Mooltipass!

My mooltipass arrived today. I have been excitedly waiting for it for months and it’s finally here!

So, first of all, a physical review. I have the ABS version, although I’m waiting on an aluminium one which will be my pocket mooltipass soon. It’s a very nice size and weight, it is light enough to carry around easily but still has a solid enough construction that I’m not worried about it getting destroyed easily. I have two very minor concerns, the first is that the corners are much more angular than I was expecting. Maybe I’m just used to devices made by a certain fruit vendor, but I guess I’m more used to more rounded corners. The second worry is the front panel, it is glued to the device and at the moment appears to be quite solidly so. I’m just a little worried that if I do start carrying one of these devices around, it might get loose. I have no idea if these worries are founded at all, I’m just a little conscious, but I knew about the glued cover before I pledged to the IndieGoGo campaign, so I cannot really complain about it at all.

The screen is bright, legible and very fit for purpose. You can easily see the pixels on it, but I don’t think this is a problem at all. There are little sliding animated menus which show what each of the buttons do in that mode. The text is large and clear so I think I’d need particularly bad eyesight to have an issue with that. The device was shipped with a standard clear plastic protective film on the front, while satisfying to actually take pff, it was particularly well stuck down so a pain in the neck to get started

The buttons themselves are touch sensitive. I don’t know the precise reason for this, but I assume it’s to reduce the amount of moving parts to being only the micro USB cable, rather than physical buttons. Personally, I’m a fan of buttons, the more clicky the better, but the touchpad serves the purpose for this, and if it increases the usable lifetime of the device without increasing the production costs, I have no problems at all with the choice.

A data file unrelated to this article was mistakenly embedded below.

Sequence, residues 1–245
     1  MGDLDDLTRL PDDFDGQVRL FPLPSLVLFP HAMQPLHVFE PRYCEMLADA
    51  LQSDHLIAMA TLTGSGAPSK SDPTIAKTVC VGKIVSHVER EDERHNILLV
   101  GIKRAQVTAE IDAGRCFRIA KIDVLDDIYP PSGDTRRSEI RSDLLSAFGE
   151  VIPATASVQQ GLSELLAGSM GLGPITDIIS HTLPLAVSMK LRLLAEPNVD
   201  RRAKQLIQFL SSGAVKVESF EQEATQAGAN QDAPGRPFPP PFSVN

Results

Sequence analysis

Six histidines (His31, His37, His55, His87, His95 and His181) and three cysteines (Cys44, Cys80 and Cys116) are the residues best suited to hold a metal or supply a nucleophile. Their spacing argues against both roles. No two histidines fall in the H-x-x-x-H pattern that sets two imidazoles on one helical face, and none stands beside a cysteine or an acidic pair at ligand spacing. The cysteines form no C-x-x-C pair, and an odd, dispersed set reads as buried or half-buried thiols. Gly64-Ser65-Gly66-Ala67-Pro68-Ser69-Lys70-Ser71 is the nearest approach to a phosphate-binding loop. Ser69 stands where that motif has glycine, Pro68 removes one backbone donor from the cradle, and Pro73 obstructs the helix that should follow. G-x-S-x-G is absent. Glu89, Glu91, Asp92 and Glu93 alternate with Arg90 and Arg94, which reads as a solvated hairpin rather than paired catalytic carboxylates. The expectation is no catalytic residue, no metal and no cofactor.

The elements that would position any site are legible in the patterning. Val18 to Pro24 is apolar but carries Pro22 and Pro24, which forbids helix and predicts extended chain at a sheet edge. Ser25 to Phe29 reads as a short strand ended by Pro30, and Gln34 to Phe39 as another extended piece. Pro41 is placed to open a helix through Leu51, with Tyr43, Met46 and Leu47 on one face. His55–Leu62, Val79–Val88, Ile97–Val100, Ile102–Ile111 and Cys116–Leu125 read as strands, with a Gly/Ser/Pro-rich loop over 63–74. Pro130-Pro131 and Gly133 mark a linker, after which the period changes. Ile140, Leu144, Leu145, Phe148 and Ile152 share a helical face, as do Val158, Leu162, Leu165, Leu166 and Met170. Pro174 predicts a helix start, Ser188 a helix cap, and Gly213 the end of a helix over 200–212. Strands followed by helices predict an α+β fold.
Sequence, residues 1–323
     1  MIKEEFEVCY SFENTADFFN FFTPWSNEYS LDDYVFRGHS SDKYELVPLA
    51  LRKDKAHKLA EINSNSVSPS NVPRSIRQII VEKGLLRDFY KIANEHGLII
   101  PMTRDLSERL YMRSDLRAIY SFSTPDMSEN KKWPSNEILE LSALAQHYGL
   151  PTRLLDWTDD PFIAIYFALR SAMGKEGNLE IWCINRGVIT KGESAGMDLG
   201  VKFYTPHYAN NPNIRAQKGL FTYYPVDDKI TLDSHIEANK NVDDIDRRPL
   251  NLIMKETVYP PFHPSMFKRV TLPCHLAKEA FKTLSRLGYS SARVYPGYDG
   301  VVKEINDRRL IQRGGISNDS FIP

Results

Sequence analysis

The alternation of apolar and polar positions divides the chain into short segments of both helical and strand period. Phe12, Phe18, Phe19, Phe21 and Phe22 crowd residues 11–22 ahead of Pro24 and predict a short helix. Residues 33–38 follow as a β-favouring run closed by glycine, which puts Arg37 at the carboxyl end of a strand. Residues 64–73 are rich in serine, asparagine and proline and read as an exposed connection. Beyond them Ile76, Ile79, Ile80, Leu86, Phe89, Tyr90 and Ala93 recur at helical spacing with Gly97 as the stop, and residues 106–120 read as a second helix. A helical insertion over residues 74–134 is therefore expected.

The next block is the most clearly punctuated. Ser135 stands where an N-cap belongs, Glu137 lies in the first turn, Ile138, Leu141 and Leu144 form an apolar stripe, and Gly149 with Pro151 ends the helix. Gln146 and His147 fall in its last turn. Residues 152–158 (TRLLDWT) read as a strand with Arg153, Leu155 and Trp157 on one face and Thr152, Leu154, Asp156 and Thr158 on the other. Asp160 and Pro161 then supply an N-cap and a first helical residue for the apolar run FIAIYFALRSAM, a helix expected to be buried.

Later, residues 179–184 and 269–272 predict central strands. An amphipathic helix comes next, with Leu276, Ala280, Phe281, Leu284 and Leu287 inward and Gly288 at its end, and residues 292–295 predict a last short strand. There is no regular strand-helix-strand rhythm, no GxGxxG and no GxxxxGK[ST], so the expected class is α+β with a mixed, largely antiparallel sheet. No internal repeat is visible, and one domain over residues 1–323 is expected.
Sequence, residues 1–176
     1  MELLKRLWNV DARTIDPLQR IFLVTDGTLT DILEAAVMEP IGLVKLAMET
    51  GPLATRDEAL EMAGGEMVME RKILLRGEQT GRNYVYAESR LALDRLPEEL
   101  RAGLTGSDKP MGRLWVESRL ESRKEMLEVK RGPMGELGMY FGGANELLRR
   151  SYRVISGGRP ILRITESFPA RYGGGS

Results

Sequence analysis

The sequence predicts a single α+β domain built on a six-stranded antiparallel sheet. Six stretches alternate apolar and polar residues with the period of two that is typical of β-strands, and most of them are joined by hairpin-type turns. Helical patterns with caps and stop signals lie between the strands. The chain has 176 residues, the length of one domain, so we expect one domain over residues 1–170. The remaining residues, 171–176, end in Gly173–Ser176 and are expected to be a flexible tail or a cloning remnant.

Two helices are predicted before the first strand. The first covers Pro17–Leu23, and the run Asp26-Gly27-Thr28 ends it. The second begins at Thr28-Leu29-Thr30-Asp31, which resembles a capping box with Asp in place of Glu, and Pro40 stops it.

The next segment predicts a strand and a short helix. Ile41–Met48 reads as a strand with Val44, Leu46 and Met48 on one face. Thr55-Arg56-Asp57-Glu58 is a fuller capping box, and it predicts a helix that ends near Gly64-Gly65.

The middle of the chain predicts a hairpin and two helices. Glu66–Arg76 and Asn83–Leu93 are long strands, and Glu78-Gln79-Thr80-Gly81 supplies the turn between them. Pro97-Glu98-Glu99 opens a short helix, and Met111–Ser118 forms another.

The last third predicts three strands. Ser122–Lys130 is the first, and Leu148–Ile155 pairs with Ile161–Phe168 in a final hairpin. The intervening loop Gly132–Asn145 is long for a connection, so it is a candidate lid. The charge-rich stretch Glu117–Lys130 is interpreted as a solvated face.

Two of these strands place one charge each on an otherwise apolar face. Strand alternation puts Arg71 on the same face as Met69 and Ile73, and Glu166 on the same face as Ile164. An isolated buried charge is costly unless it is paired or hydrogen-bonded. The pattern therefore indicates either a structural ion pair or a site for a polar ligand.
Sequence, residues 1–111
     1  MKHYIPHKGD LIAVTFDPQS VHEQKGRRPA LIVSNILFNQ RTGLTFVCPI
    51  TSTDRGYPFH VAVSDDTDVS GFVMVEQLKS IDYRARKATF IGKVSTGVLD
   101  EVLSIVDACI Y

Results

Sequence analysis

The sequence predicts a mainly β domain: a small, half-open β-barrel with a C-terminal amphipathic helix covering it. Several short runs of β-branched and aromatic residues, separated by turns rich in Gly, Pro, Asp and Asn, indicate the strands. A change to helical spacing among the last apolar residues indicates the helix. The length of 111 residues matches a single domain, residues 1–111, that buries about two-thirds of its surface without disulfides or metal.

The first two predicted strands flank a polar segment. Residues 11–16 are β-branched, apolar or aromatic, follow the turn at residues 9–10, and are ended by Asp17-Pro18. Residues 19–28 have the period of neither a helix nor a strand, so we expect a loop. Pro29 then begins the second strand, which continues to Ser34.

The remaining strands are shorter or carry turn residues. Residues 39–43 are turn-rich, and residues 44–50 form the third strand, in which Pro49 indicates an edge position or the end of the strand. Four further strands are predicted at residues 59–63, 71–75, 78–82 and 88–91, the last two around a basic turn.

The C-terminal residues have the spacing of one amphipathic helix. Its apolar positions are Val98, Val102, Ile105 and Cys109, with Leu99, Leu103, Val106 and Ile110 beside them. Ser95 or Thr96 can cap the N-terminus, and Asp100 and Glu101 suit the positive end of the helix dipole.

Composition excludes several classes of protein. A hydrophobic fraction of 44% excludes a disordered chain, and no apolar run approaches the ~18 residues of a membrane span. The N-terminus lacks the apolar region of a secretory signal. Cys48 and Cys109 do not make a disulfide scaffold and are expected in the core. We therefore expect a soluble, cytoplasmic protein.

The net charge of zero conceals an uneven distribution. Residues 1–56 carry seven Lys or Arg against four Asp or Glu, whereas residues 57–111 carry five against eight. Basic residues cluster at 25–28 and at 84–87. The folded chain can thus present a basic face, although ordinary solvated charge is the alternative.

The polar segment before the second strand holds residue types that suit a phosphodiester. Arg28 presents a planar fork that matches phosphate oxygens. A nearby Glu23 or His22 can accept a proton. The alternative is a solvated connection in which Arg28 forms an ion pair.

Having said that, I do appear to be having a hard time with the touch panel itself. It’s arranged in a circle, there seem to be six touch zones, four of them are arranged on the diagonals which are mainly used for traversing menus. Then there are touch pads on the left, and right of the circle which are used for yes/no messages. For text or pin input you use the circular section as a “wheel” to cycle through values. I don’t know whether it’s just my fingers, but the device isn’t as responsive as I’d like. It often takes a full time around the circle to progress one entry in whatever I’m selecting, and then it skips 3 entries in the next quarter turn. I believe it just loses my touch input because sometimes it also picks up my fingers as touching the side buttons. What this means in practice is, while I’m trying to input my pin, it’s quite frustrating, but also I’m sure I will at some point enter it incorrectly because of mistaken inputs. As I’ve said, I’m still unsure whether this is my fingers, or the device, but I will investigate further. On further investigation, it appears that the touch areas are smaller than I expected and I have to move my fingers around inside the little circle. As I have quite large fingers, this is a little frustrating, but I can definitely work with it.

The smart cards are nicely designed and there’s not much I can say about them, apart from it looks like they’ve been printed backwards. I believe I saw this mentioned somewhere. A slither sticks out of the side of the device and there appears to be a matching mooltipass logo, but it’s printed on the side of the card that gets pushed into the device, so all I see is a corner of the larger logo. Other than that, they’re credit card sized and just work. Nothing much to say otherwise.

At this point, I’ve only used the device on a Windows 7 PC, but I will shortly be also testing on Mac OSX and maybe some random Linux distros to see how it fares on them. Plugging it in initially started the setup sequence. It asked me to insert a card and enter a pin to create a new user. I failed the first two times because of the touch issues mentioned above. Windows picked up the device straight away and was happy with it. At the time I didn’t try the HID emulation mode because I didn’t have any accounts set up but I’ve since tested it and it just works with one caveat. You select login from the main menu, then choose the account you want to log into, followed by confirming to type the data. The issue is that the HID emulation is set to, I believe, US layout, whereas I’m using a UK keyboard, so the @ symbol becomes “, which for email logins could obviously be a little frustrating.

I quickly installed the chrome app and extension and had a little play around. My first thoughts were “How do I add an account to this?”. I haven’t looked up documentation online for a while, and I wanted to see how easy it was to just use. After poking around the settings and app a little bit, I gave up and tried to log into google, then I got a little popup saying “Do you want to save this on the mooltipass” (or something to that effect) and… it just worked. It saved, I logged out, I used the mooltipass to log back in. I was happy.

My goal for the mooltipass is to have two devices, with shared credentials on both of them. Then I want a pair of accounts on them, one which contains my personal passwords, and one with the passwords I use for work. At this point I only have two cards, and I want to have one backup card for when I inevitably lock one out, so I’ve not yet tried using two sets of credentials on one device.

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